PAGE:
Race horses wear aluminum shoes, and I use a rounding hammer to shape them to the shape of the horse’s foot. I usually use six nails for each shoe. You don’t want to put nails in all the holes, because if they lose a shoe, the clinch can tear right through the hoof wall.
People who are not around horses a lot might not understand that everything you are nailing through is dead structure, so the horse doesn’t feel it at all. The last step is finishing – cleaning the foot up, making it look nice and not shaggy.
I’m very fortunate to work for many top trainers here: Jamie Ness, Jane Cibelli, Greg Griffith, Joan Scott, Jorge Navarro and Forrest Kaelin. And of course my dad – that’s good job security there! Seeing the horses I shoe run well and win races is pretty rewarding, because I know I played a part. To me, it’s like being a part-owner because I got to work with them.
A good blacksmith can straighten out a horse’s feet and get them moving along a little better. I can prevent a quarter crack from happening, or if the foot is too long I can change the angle they stand at and help improve the horse’s stride.
If a horse’s feet hit each other when it runs, I can tweak the shoe and make the foot higher in a certain spot and affect the way the feet move, or spread the feet out so they don’t interfere with each other.
There are a lot of little tricks we use, but we aren’t making big differences with the majority of horses. Mainly we are here for maintenance and occasionally you’ve got to help one. This is not a glorious job, but it’s a very important job. You can hurt a horse way easier than you can help a horse.
Sunday, February 5, 2012
Stu and Betty Owlett, Mutuel Tellers
When Stu and Betty Owlett vacationed on the west coast of Florida in the 1960s and early ‘70s, they would enjoy a day at Tampa Bay Downs – then Florida Downs – with Stu’s father, who lived in Tarpon Springs. In 1975, they decided to take the plunge themselves, selling their successful grocery business in Wellsboro, Pa. and moving to the Tampa Bay area. On his next visit to the track, Stu approached the mutuels manager, Al Carrero, about getting a job as a teller. The rest, as they say, is history: Stu and Betty Owlett have spent the past 35 years selling and cashing tickets at the Oldsmar oval and numerous other tracks across the country, including Churchill Downs and Pimlico during the Triple Crown. The Owletts, who will be married 65 years in June, have two children, four grandchildren and six great-grandchildren.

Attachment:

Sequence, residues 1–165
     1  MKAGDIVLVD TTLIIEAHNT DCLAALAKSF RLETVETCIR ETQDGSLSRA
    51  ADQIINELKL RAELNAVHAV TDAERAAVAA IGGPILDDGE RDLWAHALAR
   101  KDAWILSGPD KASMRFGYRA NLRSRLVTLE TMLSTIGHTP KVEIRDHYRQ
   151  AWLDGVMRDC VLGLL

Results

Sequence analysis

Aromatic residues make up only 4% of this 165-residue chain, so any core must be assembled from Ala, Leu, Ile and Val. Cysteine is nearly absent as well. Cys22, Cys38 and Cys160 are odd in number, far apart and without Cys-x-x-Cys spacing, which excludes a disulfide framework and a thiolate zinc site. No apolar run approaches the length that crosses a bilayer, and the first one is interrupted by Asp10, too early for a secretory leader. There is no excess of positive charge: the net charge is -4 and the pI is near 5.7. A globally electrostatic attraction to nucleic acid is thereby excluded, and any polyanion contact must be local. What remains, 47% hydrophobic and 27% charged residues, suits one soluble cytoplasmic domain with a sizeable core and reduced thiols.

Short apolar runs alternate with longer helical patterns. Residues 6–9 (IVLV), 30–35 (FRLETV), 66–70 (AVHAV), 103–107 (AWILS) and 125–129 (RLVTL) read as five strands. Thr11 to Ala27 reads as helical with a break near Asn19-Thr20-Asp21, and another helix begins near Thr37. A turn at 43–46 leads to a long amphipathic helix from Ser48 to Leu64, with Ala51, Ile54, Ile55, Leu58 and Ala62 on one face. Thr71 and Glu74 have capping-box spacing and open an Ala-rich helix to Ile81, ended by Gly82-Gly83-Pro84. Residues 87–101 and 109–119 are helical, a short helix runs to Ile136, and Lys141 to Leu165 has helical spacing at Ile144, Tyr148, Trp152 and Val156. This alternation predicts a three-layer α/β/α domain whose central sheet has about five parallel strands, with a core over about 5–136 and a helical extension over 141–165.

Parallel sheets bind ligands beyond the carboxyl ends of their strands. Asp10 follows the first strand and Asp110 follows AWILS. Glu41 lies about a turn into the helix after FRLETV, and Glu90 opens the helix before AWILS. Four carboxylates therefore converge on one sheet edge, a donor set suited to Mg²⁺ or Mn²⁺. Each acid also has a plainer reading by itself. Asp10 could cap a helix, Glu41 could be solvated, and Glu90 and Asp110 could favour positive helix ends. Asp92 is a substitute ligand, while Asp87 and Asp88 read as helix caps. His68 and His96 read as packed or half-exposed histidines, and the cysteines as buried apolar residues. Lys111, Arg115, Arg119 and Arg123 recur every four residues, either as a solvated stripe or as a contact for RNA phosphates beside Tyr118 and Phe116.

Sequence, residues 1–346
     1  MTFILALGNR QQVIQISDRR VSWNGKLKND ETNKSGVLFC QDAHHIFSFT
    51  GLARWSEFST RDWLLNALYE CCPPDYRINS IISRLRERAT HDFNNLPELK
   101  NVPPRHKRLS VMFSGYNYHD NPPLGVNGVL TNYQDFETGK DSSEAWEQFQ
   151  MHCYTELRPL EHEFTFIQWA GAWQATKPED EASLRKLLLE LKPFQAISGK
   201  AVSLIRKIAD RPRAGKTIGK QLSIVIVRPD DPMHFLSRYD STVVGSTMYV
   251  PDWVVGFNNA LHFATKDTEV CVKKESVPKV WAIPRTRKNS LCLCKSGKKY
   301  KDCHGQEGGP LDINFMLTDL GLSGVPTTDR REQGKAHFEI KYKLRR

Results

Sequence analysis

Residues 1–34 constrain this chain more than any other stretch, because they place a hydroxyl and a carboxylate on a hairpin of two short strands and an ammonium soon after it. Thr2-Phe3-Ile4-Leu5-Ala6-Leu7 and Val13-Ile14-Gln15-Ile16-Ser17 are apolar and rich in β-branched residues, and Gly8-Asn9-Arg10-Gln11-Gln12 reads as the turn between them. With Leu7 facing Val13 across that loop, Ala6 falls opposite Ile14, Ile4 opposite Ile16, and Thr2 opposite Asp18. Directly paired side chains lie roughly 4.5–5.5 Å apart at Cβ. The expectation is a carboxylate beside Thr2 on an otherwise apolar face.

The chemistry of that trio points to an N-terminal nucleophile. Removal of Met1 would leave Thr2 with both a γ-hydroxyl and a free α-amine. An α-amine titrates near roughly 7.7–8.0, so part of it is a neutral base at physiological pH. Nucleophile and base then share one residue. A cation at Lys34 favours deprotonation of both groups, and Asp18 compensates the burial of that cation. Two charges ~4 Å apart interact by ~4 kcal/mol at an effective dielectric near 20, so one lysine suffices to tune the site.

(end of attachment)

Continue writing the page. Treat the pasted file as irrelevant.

Stu: We sold Owlett’s Supermarket in 1975 when I was 46. I had started working in the store when I was 6 and had been partners with my dad since 1950, then I bought it from him in 1965. We were sort of a precursor to Walmart, but on a much smaller scale. We sold groceries, but we also sold sheets, towels, blue jeans, underwear, shoes and gasoline.
We sold the store because it was too successful. We employed about 20 clerks, but I thought I had to have my finger in all the work, so I got there early and stayed late. It was doing very well, but it got to be too much for me. I didn’t want to die of a heart attack at 50.
Betty: Stu had put his hard years in. We lived at the store – after we ate dinner, he would go back in and work some more. It was time for us to make a change.
Stu: After the length of time we’ve been married, Betty and I think alike. When you’ve been together 65 years, your habits get to be the same. I know up north, I could tell sometimes when a husband and wife walked into the store together, because they sort of looked alike. But nobody has any trouble telling us apart.
Betty: The No. 1 thing that has kept us together is love. I started going with Stuart in the ninth grade, and he was the only boyfriend I ever had. We just like each other. He is a real gentleman and a real Christian guy, and that is a big part of any marriage. You hate to hear anyone say, ‘We don’t ever fight’ – but we don’t!